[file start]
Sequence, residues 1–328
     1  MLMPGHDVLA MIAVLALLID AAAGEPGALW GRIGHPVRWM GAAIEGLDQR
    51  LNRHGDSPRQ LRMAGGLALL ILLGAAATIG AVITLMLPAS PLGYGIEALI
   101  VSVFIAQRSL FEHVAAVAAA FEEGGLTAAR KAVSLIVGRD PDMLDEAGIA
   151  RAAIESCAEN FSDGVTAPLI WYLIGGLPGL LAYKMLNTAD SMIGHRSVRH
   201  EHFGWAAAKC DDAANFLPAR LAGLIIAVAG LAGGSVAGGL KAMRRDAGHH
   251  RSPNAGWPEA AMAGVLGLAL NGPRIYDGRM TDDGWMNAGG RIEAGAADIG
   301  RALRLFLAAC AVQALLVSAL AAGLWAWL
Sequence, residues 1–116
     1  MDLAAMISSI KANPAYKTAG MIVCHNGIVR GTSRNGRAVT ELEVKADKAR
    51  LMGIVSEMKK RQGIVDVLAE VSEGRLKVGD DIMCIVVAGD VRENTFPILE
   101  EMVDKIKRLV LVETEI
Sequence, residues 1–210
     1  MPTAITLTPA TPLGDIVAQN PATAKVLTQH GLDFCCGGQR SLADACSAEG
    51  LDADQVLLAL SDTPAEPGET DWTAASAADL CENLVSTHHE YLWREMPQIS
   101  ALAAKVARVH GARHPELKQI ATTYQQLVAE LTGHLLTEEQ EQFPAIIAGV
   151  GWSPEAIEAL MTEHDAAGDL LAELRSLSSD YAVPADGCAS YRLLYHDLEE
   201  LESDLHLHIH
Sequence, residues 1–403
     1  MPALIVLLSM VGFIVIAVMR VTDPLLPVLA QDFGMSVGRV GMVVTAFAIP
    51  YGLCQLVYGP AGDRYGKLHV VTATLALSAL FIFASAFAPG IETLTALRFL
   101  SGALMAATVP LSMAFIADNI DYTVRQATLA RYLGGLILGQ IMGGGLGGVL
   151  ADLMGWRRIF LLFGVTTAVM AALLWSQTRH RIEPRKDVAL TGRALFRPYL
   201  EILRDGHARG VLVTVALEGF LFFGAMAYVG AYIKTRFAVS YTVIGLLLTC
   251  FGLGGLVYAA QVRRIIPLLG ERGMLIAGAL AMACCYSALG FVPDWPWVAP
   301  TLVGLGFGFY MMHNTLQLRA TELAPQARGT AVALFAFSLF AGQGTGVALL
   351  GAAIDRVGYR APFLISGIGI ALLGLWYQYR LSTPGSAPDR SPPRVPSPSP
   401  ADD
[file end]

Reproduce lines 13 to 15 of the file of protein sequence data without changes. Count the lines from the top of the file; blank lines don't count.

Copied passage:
Sequence, residues 1–210
     1  MPTAITLTPA TPLGDIVAQN PATAKVLTQH GLDFCCGGQR SLADACSAEG
    51  LDADQVLLAL SDTPAEPGET DWTAASAADL CENLVSTHHE YLWREMPQIS